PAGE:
Date of publication:

How to start your business in Poland?

The Polish market is open to foreign entrepreneurs, also from outside of the European Union. This means that individuals from abroad may freely run a business in Poland and, consequently, may also without any obstacles buy a shelf company in order to run such a business.

Rules of running a business in Poland


Rules of conducting business activity in Poland by foreigners are provided in the Act on the rules for participation of foreign entrepreneurs and other foreign persons in economic transactions in the territory of the Republic of Poland. The provisions of the above act distinguish two groups of individuals who may conduct business activity in Poland, depending on the country of origin and legalisation of stay.

Citizens of member states

Foreigners from the member states of the EU and EFTA (Norway, Iceland, Lichtenstein, Switzerland) are subject to the so-called principle of equality. This means that they are entitled to commence and conduct business activity in Poland on the terms applicable to Polish citizens.

Citizens of third countries

Conditions of conducting business activity by citizens of third countries (i.e. countries which are not a part of either the EU or EFTA) depend on whether or not a given person has legalised their stay in Poland.

Foreigners who may legally stay in the territory of Poland, i.e. have:

    • a permanent residence permit,
    • a temporary residence permit granted due to specific circumstances (inter alia, in order to conduct business activity on the basis of entry in the Central Business Register and Information Service (CEIDG) due to gaining education in the course of academic studies or being married to a Polish citizen residing in the Republic of Poland),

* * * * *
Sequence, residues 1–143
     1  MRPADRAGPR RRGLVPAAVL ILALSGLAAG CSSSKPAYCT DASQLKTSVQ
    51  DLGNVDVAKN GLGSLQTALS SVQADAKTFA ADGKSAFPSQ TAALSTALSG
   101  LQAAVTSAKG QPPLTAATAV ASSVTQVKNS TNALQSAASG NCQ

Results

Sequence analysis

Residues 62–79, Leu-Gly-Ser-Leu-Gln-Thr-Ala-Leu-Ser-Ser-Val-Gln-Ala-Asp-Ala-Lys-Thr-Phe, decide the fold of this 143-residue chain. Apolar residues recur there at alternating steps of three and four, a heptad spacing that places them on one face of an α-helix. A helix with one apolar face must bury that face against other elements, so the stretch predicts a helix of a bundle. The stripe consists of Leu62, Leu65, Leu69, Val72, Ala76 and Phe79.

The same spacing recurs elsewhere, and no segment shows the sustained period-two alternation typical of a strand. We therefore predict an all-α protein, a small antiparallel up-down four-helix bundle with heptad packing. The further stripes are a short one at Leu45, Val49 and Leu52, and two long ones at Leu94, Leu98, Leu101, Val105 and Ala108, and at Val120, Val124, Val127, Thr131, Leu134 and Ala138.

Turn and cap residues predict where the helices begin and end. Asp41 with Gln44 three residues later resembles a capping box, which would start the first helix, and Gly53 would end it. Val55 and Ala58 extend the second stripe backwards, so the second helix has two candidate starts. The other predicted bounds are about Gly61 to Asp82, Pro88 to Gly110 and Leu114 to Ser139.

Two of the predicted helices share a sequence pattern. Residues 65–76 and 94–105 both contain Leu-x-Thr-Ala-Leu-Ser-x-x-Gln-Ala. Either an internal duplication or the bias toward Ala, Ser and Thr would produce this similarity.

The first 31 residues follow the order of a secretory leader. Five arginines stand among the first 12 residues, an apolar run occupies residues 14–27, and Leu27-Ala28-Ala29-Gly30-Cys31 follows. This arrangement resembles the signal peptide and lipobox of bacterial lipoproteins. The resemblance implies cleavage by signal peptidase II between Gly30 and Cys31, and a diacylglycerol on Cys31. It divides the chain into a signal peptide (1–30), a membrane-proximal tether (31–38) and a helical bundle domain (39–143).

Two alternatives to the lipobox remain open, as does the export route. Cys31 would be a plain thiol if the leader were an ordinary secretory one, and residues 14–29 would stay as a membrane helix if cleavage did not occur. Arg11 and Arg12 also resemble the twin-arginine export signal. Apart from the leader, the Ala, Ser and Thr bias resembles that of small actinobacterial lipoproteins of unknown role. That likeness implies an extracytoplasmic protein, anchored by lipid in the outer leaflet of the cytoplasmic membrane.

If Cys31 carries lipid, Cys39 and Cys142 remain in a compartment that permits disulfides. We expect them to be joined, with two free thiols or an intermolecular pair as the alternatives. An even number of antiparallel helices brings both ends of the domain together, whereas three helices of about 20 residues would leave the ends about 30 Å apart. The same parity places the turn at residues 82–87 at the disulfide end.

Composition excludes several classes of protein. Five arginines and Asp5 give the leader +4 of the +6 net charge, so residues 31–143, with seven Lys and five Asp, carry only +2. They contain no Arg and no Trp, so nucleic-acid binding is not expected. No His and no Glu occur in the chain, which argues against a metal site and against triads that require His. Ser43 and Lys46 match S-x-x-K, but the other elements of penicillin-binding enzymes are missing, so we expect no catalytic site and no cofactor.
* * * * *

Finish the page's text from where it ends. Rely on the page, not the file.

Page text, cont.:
• the status of a refugee,
    • subsidiary protection,
    • consent to their stay for humanitarian reasons or consent to tolerated stay

also have the right to conduct business activity on the same terms as Polish citizens. This also applies to individuals who are subject to temporary protection in Poland, hold a valid Pole’s Card or are family members who join citizens of member states or stay with them.

Legalisation of stay vs business activity

Lack of legalisation of stay is not synonymous with lack of rights to conduct business activity in Poland. Foreigners who do not meet the conditions necessary to make it possible for them to function on the Polish market on the terms applicable to Polish citizens may also commence and conduct business activity, but there have been certain restrictions introduced as regards the form in which it is conducted. Such foreign individuals may run a business exclusively in the form of a limited partnership, limited joint-stock partnership, limited liability company and a joint-stock company, though this provision may be amended pursuant to an agreement concluded between Poland and a third country.

Who may buy a shelf company in Poland?